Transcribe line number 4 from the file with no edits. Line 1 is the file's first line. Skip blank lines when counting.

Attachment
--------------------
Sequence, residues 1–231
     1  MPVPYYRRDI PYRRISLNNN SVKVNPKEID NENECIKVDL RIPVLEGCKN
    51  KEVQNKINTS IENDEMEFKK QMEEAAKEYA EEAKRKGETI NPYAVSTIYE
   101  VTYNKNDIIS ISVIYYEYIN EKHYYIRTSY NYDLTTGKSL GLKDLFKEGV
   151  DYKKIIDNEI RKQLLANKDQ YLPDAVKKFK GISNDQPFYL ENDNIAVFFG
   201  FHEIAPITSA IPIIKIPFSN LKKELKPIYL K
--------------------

   101  VTYNKNDIIS ISVIYYEYIN EKHYYIRTSY NYDLTTGKSL GLKDLFKEGV